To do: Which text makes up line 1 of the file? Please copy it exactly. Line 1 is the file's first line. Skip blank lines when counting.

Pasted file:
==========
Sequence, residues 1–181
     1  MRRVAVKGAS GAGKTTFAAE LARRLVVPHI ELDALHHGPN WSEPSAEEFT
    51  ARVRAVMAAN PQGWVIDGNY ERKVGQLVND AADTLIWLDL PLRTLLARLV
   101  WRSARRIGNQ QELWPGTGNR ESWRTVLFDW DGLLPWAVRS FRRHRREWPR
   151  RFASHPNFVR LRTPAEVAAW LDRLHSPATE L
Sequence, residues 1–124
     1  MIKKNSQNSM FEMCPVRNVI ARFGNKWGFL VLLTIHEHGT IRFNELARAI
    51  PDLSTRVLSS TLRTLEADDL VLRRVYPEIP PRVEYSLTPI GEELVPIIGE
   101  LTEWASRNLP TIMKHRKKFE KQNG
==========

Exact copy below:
Sequence, residues 1–181